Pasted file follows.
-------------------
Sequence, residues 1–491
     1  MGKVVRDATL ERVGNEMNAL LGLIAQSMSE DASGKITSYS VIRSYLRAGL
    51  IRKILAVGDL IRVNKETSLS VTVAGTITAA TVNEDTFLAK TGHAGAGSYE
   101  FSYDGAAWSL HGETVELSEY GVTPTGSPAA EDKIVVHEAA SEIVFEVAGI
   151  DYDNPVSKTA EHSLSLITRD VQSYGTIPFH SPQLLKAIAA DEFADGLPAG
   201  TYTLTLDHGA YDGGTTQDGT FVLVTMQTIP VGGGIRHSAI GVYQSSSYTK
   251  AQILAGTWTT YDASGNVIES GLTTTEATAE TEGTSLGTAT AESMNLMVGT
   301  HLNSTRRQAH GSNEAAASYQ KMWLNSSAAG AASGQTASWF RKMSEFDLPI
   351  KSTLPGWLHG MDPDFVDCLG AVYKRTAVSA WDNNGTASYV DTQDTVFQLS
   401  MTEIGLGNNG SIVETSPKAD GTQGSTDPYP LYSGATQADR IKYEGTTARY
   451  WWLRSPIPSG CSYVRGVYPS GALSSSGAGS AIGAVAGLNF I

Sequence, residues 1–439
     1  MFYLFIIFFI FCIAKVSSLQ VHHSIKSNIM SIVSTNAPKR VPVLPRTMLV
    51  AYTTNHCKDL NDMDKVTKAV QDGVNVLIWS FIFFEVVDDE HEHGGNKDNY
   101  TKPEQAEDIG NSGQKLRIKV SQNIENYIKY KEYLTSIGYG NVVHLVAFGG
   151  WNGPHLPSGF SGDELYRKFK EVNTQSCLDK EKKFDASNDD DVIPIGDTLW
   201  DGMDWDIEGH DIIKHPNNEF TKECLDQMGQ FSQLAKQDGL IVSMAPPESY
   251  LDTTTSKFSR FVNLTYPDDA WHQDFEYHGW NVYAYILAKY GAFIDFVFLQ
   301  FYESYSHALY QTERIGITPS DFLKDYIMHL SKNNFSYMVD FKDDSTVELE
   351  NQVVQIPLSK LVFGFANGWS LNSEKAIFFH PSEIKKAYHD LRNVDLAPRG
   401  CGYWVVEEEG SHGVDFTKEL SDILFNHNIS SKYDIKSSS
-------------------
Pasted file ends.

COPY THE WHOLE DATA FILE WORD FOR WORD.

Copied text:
Sequence, residues 1–491
     1  MGKVVRDATL ERVGNEMNAL LGLIAQSMSE DASGKITSYS VIRSYLRAGL
    51  IRKILAVGDL IRVNKETSLS VTVAGTITAA TVNEDTFLAK TGHAGAGSYE
   101  FSYDGAAWSL HGETVELSEY GVTPTGSPAA EDKIVVHEAA SEIVFEVAGI
   151  DYDNPVSKTA EHSLSLITRD VQSYGTIPFH SPQLLKAIAA DEFADGLPAG
   201  TYTLTLDHGA YDGGTTQDGT FVLVTMQTIP VGGGIRHSAI GVYQSSSYTK
   251  AQILAGTWTT YDASGNVIES GLTTTEATAE TEGTSLGTAT AESMNLMVGT
   301  HLNSTRRQAH GSNEAAASYQ KMWLNSSAAG AASGQTASWF RKMSEFDLPI
   351  KSTLPGWLHG MDPDFVDCLG AVYKRTAVSA WDNNGTASYV DTQDTVFQLS
   401  MTEIGLGNNG SIVETSPKAD GTQGSTDPYP LYSGATQADR IKYEGTTARY
   451  WWLRSPIPSG CSYVRGVYPS GALSSSGAGS AIGAVAGLNF I

Sequence, residues 1–439
     1  MFYLFIIFFI FCIAKVSSLQ VHHSIKSNIM SIVSTNAPKR VPVLPRTMLV
    51  AYTTNHCKDL NDMDKVTKAV QDGVNVLIWS FIFFEVVDDE HEHGGNKDNY
   101  TKPEQAEDIG NSGQKLRIKV SQNIENYIKY KEYLTSIGYG NVVHLVAFGG
   151  WNGPHLPSGF SGDELYRKFK EVNTQSCLDK EKKFDASNDD DVIPIGDTLW
   201  DGMDWDIEGH DIIKHPNNEF TKECLDQMGQ FSQLAKQDGL IVSMAPPESY
   251  LDTTTSKFSR FVNLTYPDDA WHQDFEYHGW NVYAYILAKY GAFIDFVFLQ
   301  FYESYSHALY QTERIGITPS DFLKDYIMHL SKNNFSYMVD FKDDSTVELE
   351  NQVVQIPLSK LVFGFANGWS LNSEKAIFFH PSEIKKAYHD LRNVDLAPRG
   401  CGYWVVEEEG SHGVDFTKEL SDILFNHNIS SKYDIKSSS